Blithe Spirit – An Improbable Farce

  • Comedy
  • By Noël Coward
  • Directed by Michael Blakemore
  • Cast includes: Angela Lansbury, Charles Edwards, Janie Dee, Jemima Rooper, Patsy Freran, Simon Jones, Serena Evans
  • Gielgud Theatre, London
  • Until 7th June 2014
  • Time: 19:30
  • Review by Rivka Jacobson
  • 30 March 2014
Blithe Spirit - An Improbable Farce
5.0Reviewer's Rating

Michael Blackmore, the 85 year-old director, is younger than his leading lady. At eighty-eight, Angela Lansbury delivers an astonishingly energetic, lively, and wildly entertaining performance as the eccentric medium and clairvoyant Madame Arcati in this delightfully blithe and spirited production of Noel Coward’s seminal 1941 play.

Charles Edwards is superb as Charles Condomine, the socialite and novelist, who invites Madame Arcati, to his house to conduct a séance, hoping to gather material for his next book.  He gets more than he bargained for – his late wife, Elvira, returns from ‘the other side’ looking seductive and is affectionate, scheming to win him back. He basks in her attention regardless of the impact his behaviour has on his wife of five years, Ruth. His current wife Ruth, unlike Elvira, is sophisticated and sharp. Although she cannot communicate or hear Elvira, she can read her scheming mind better than her self-centred husband.

The breakdown in communication between Charles and his wife Ruth due to the presence of the ex-wife provides Coward an ideal platform for his witty and well-crafted farce.

Elvira’s presence unmasks the romantic Charles for he is, as Elvira reminds him that he is “so irascible, like you always used to be”, and that he was “an absolute pig” who once hit her with a billiard cue. Charles attempts to placate Elvira with all the heartfelt clichéd assurances he can muster, professing to “always love the memory” of her. He appears to enjoy the attention of his two demanding wives, until he realises that Elvira’s intention to sweep him off his feet involves whisking him away to the world beyond.

Edwards’s Charles is an amiable selfish male with a rather romantic view of himself. He clearly likes the two women fighting for him, but that comes to an end when Elvira’s true intention becomes clearer.

Despite the humour and the brilliance in this production and Edwards’s performance, there is a sense of paper-thin depth in Charles’s feelings towards either wife. The women in his life can be tolerated as long as they serve a purpose in which he can indulge in and benefit from.  It is Coward in 1941 declaring without disclosing himself, that he cannot endure a woman‘s company for longer than necessary.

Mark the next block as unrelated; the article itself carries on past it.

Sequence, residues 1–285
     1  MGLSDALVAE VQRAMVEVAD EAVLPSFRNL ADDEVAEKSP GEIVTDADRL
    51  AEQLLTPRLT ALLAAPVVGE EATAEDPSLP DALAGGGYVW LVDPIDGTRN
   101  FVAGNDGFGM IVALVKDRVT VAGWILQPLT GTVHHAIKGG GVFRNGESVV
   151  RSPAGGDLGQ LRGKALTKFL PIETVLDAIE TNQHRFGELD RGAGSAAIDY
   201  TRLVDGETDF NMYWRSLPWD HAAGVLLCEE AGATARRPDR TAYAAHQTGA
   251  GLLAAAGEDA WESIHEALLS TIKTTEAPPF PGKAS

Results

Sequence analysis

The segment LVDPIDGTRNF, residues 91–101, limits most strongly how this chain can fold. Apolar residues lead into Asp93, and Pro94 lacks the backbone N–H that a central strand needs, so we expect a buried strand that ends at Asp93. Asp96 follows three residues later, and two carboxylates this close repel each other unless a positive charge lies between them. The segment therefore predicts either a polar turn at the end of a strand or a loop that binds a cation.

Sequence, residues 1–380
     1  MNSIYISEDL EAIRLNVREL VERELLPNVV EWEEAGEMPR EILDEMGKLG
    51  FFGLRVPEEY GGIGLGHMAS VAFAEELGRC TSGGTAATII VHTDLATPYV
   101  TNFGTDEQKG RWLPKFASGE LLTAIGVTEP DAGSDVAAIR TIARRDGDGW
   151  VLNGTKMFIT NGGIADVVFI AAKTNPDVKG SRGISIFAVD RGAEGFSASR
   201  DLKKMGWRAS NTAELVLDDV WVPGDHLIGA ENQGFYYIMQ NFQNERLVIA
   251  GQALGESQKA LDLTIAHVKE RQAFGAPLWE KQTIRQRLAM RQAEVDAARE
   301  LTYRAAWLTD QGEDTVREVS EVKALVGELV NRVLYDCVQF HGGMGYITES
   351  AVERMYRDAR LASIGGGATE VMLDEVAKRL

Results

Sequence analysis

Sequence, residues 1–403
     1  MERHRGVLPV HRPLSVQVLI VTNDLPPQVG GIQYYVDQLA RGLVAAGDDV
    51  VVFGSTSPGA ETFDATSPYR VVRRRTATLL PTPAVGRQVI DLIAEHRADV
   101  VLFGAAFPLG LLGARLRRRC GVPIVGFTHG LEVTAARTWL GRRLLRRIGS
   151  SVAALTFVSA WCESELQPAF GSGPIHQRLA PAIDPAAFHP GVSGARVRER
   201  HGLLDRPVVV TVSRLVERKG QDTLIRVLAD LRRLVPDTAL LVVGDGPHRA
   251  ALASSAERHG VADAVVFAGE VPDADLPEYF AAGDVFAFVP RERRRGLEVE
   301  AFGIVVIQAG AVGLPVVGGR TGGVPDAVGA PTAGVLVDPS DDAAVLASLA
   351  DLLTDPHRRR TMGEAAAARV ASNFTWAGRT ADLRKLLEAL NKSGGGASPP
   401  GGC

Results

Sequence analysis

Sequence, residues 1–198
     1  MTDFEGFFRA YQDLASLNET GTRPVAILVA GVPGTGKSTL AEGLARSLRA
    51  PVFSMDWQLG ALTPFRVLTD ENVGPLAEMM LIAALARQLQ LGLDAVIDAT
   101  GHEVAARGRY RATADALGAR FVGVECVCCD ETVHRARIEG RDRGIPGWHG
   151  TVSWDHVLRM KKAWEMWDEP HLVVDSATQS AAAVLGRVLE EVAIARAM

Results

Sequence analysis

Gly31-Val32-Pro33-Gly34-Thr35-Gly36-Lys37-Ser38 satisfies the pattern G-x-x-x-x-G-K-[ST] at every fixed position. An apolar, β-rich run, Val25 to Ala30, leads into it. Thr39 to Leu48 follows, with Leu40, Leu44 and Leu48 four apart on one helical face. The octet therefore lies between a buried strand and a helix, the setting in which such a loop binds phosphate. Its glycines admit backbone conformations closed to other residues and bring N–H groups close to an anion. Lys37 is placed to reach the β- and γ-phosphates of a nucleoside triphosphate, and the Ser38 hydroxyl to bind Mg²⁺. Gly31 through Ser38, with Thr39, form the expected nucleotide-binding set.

Janie Dee’s Ruth is a strong and intelligent middle class woman whose ability to manage her husband is seriously challengedby the return of his first wife, Elvira. Jemima Roofer’s ghostly Elvira is seductive. She is a strong cocktail of sexuality, bitchiness, and mischief served with a fatal punch.  Patsy Ferran’s Edith, as the terrified maid, is pitch perfect.

Simon Higlett’s stage design provides a beautifully tailored domestic setting complete with billowing curtains that disconcertingly allude to the gateway to the other side.

Blakemore’s direction finely balances the flippant and dark humour of Coward’s script: the dramatic tension between affection and manipulation, love and heartlessness is sustained throughout the performance.

The announcing on a screen, in a Deco style, of the forthcoming act/scene  together  with  delightful renditions of some of Coward’s songs add a delicious touch to the incredible story conveyed by sharp and witty dialogue in a very credible production. This is an evening to enjoy and ponder over.

Highly recommended.

About The Author

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Executive Director

Rivka Jacobson, founder of playstosee.com. Passion for theatre and years spent defending immigrants and asylum seekers in UK courts fuelled her determination to establish a platform for international theatre reviews. Rivka’s aim is to provide people of all ages, from all backgrounds, and indeed all countries with opportunities to see and review a diverse range of shows and productions. She is particularly keen to encourage young critics to engage with all aspects of theatre. She hopes to nurture understanding and tolerance across different cultures through the performing arts.

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